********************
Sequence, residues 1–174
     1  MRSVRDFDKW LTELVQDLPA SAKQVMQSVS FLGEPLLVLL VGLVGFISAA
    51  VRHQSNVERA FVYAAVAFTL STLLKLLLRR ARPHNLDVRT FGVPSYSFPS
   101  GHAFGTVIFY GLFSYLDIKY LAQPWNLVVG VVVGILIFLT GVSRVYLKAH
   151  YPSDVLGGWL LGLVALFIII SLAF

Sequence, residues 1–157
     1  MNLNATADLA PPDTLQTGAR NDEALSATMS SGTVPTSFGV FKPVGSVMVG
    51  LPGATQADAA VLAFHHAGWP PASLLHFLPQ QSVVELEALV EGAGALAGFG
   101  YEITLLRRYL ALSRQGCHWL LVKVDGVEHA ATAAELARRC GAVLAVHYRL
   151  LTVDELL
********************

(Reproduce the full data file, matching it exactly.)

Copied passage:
Sequence, residues 1–174
     1  MRSVRDFDKW LTELVQDLPA SAKQVMQSVS FLGEPLLVLL VGLVGFISAA
    51  VRHQSNVERA FVYAAVAFTL STLLKLLLRR ARPHNLDVRT FGVPSYSFPS
   101  GHAFGTVIFY GLFSYLDIKY LAQPWNLVVG VVVGILIFLT GVSRVYLKAH
   151  YPSDVLGGWL LGLVALFIII SLAF

Sequence, residues 1–157
     1  MNLNATADLA PPDTLQTGAR NDEALSATMS SGTVPTSFGV FKPVGSVMVG
    51  LPGATQADAA VLAFHHAGWP PASLLHFLPQ QSVVELEALV EGAGALAGFG
   101  YEITLLRRYL ALSRQGCHWL LVKVDGVEHA ATAAELARRC GAVLAVHYRL
   151  LTVDELL